# Question concerning basic Diff.Eq. 2nd order trick

question concerning basic Diff.Eq. 2nd order "trick"

## Homework Statement

First of all, this is NOT for homework. In fact, this is a conceptual question. Now then, let me address my problem by presenting a simple example. Lets say you have a second order equation with initial conditions:

y(-1) = 2 & y'(-1) = 1

You can solve the D.E. by just applying the boundary conditions as usual, but I also understand there is a "trick". The trick is to rewrite the general solution. In other words, you can solve it the normal way by applying your ICs on (note the actual equation does not matter):

y = c_1e^{r_1t} + c_2e^{r_2t}

or you can use this "trick"

y = d_1e^{r_1(t+1)} + d_2e^{r_2(t+1)}

honestly, I don't remember where this trick comes from. It's supposed to simplify the equation, because then when you apply -1 to t your exponents go to 0. However, could someone explain WHY this is valid? When exactly can you use this, and when can you not? Thanks, hopefully I've been clear about this.

-astropi

ps I tried to use $$and the thing totally messed up! What's up with that? ## Answers and Replies HallsofIvy Science Advisor Homework Helper [tex]e^{r_1(t+1)}= e^{r_1t+ r_1}= e^{r_1t+ r_1}= \left(e^{r_1}\right)\left(e^{r_1t}\right)$$

And the constant $e^{r_1}$ can be incorporated into the constant multiplying $e^{r_1(t+1)}$.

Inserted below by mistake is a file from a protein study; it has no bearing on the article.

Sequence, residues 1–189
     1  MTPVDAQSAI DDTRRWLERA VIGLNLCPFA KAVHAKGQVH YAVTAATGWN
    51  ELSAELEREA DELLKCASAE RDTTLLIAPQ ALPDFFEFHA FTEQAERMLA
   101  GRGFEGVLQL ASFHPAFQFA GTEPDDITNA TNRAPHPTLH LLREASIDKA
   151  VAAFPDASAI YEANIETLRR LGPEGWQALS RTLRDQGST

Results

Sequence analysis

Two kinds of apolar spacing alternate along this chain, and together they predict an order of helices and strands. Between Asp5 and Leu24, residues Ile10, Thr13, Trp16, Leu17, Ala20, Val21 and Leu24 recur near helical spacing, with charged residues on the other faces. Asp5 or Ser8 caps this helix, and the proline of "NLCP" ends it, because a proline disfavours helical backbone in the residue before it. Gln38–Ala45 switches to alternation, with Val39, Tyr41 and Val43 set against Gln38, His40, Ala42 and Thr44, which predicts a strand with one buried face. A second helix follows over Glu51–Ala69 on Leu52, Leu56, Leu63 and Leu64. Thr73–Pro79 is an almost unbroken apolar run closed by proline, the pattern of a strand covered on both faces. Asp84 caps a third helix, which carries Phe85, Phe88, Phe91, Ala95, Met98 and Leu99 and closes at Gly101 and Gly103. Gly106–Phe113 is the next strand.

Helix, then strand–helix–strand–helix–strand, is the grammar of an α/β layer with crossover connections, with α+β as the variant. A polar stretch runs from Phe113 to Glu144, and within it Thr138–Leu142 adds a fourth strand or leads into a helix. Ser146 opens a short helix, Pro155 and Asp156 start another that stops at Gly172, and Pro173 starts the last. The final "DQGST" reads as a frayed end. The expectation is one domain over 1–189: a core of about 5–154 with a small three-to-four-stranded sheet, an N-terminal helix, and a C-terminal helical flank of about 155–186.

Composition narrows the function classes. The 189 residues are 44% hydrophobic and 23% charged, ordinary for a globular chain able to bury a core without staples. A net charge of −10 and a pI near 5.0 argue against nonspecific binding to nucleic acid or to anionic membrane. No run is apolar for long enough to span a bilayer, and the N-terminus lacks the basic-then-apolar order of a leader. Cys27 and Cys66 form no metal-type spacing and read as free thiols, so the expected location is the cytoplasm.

That is, $c_1= d_1e^{r_1}$.

You tried to edit and the LaTex messed up? That's an annoying bug on this board. The LaTex will come out right the first time but if you try to edit it you can get some really weird things! Just click on the "refresh" button on our internet reader and it should correct. I tend to automatically click on "refresh" any time I edit LaTex.

$$e^{r_1(t+1)}= e^{r_1t+ r_1}= e^{r_1t+ r_1}= \left(e^{r_1}\right)\left(e^{r_1t}\right)$$

And the constant $e^{r_1}$ can be incorporated into the constant multiplying $e^{r_1(t+1)}$.

That is, $c_1= d_1e^{r_1}$.

You tried to edit and the LaTex messed up? That's an annoying bug on this board. The LaTex will come out right the first time but if you try to edit it you can get some really weird things! Just click on the "refresh" button on our internet reader and it should correct. I tend to automatically click on "refresh" any time I edit LaTex.

Thanks for the reply, and the note on the latex bug!
Now I do understand that you multiply by an extra $$e^{r_1}$$, but just to clarify, you actually multiple both sides of the equation by that value (as you must in order to conserve the original equation), but that extra value on the left-hand side is just incorporated into the constant. Is that correct? Thanks in advance.